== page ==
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Supply Chain
Farm-Level Data, Regenerative Practices Shaping the Future of US Cotton

These types of farming practices will ensure the soil used to grow cotton remains healthy enough to grow the crop year after year.

As more consumers around the globe want to know where their food and clothes come from, they have been placing a higher value on the manufacturing practices, materials sourcing and sustainability efforts of brands and retailers. For fashion, the supply chain can often be complex and opaque, adding to the difficulty of accurately communicating environmental characteristics of products. However, earning the trust of consumers will be critical for companies that want to succeed in a transparent economy.

So where does a fashion brand start to unravel its supply chain? Often at the farm, where raw materials are sourced. It can feel like a big leap to connect raw materials and farming practices to our clothing, but making clothes requires significant amounts of natural resources including water and land to grow materials such as cotton — the most widely used natural fiber in the world.

A focus on regenerative

In the United States, there are more than 16,000 cotton farms — and many have worked hard to reduce their environmental footprint. Over the past 35 years, US cotton production has used 79 percent less water and 54 percent less energy, reduced greenhouse gas emissions by 40 percent and reduced land use by 42 percent. The adoption of practices such as minimal tillage, GPS and sensor-driven precision agriculture, and the growing of winter cover crops have further improved soil health — reducing loss and erosion by 37 percent per acre and increasing soil carbon levels.

Continuously improving soil health is critically important for the preservation of the planet. It’s also the basis of farmers’ livelihoods, which is why there has been a noticeable shift towards regenerative agriculture methods over the last two decades.

In 2020, the U.S. Cotton Trust Protocol was launched to share the work of US cotton growers with the world, while continuing to support the US in becoming a world leader in more sustainable cotton.

Trust Protocol growers often use regenerative ag practices to maintain and further improve soil quality. In addition to minimal tillage and the use of cover crops, common regenerative practices include rotational farming, precision agriculture, integrated pest management, and use of landscape-specific inputs. Over time, regenerative practices can increase productivity, nourish biodiversity, and naturally reduce the need for external inputs required for plants.

Additionally, more US cotton growers are setting aside in-field corridors and buffer zones that border cotton fields to grow back wild with native plants. These create natural habitats and food sources not just for pollinators and small birds, but also for larger species such as deer. Implementing field borders with perennial grasses allows pollinator species to thrive and improves the habitat quality for adjoining cotton-farmed areas, which also benefits the crop itself. Typically, growers will set aside land that is less efficient or with more challenging terrain, which in turn allows them to focus more efficiently on the most appropriate land for cotton production.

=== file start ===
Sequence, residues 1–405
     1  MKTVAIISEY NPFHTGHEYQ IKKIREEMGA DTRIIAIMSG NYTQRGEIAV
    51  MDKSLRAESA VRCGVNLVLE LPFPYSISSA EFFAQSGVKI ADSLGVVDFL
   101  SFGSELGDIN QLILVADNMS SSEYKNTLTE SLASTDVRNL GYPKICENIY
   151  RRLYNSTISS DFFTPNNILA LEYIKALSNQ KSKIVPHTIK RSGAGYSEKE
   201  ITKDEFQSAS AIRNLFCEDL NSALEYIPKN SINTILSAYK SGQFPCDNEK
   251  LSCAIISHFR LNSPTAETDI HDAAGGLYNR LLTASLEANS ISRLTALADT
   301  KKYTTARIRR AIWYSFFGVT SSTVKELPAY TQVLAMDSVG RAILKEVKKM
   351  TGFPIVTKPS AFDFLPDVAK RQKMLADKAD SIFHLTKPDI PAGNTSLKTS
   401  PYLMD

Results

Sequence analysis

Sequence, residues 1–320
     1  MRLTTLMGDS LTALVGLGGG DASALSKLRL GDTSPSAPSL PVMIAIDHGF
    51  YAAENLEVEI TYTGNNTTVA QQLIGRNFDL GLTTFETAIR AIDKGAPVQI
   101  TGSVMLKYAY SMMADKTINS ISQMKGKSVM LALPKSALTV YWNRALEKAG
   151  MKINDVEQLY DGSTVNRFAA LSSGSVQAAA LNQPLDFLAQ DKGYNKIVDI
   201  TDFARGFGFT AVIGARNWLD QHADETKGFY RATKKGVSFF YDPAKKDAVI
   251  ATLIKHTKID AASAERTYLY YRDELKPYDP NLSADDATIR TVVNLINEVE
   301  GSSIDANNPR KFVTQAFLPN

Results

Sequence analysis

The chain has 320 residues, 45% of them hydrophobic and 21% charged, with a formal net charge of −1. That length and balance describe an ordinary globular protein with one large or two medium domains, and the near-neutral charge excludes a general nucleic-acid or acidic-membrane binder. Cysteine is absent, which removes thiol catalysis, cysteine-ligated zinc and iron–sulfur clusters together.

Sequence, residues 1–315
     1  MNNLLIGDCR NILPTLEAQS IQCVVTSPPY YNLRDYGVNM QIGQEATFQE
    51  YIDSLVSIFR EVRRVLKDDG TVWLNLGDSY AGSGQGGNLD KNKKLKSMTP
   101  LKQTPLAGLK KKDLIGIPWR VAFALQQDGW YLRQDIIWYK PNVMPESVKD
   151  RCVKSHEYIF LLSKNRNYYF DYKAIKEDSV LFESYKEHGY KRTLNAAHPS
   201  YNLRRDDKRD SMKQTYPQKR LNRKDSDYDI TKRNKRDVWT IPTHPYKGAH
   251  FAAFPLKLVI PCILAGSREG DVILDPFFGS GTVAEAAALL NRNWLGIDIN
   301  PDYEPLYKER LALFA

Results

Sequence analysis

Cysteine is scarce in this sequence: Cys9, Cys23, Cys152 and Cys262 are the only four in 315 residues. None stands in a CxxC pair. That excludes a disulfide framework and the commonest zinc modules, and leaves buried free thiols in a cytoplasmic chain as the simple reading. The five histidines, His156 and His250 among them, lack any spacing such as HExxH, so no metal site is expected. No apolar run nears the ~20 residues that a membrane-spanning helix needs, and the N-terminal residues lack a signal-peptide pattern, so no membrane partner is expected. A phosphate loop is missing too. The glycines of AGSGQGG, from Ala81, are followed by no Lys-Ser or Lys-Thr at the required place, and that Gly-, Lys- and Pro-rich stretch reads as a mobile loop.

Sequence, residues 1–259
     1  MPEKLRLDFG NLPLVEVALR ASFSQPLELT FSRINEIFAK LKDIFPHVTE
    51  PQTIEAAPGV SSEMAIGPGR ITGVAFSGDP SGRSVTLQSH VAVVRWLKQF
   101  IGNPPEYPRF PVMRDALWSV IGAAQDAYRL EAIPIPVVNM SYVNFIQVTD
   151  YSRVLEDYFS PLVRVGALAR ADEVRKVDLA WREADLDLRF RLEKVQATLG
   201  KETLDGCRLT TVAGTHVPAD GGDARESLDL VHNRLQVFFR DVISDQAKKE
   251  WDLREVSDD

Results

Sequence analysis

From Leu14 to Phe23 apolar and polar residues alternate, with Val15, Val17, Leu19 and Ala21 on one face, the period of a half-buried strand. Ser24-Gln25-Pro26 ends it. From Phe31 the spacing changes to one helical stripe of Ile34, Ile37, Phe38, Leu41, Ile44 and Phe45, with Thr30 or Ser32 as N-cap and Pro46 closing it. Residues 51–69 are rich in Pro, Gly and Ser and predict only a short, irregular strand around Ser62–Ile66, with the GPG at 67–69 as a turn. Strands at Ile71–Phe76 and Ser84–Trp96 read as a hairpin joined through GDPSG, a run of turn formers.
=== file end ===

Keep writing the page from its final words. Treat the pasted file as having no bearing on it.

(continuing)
Verified, farm-level data

To measure the outcomes of these growing practices, the Trust Protocol tracks member data on soil conservation and soil carbon, as well as four other sustainability metrics — water use, GHG emissions, land use and energy use. This helps them measure their progress and identify opportunities to continuously improve. In 2021/22, member growers recorded a decrease in soil loss and an increase in soil carbon when compared to the 2020/21 group of growers. This year-on-year verified data is shared with Trust Protocol members across the supply chain and published in its annual report.

By collecting this data, the Trust Protocol is providing its growers with self-assessment and benchmarking capabilities to identify areas of improvement in their operations. For verification processes, all member growers are automatically placed into a regional producer group. The Trust Protocol then applies the square-root methodology to determine the number of second- and third-party verifications for that crop year.

The use of second-party, or desktop, verification creates a more robust and credible verification cycle and system. Third-party, or onsite visits, are up to a half-day visit walking through the farm as well as reviewing any additional paperwork required for the verification of the questionnaire and FPC piece. If selected, participating in a third-party, independent verification is necessary for the grower to be considered in compliance with the program and a Trust Protocol representative will help walk them through the process.

Transparency is key

There is opportunity to bring greater transparency to the cotton supply chain as the Trust Protocol program continues to scale. On September 14th, 2022 the program was awarded a USDA grant — in conjunction with the US Climate Smart Commodity opportunity — to build markets for climate-smart cotton and provide technical and financial assistance to over 1,000 US cotton farmers to advance adoption of climate-smart practices on more than one million acres, with a goal of advancing the production of more than four million bales of Climate Smart Cotton over five years.

These types of investments in farming practices will ensure the land used to grow cotton remains healthy enough to grow the crop year after year. By focusing on sustainable growing practices in cotton farming today, growers can improve the health of the land for decades to come.

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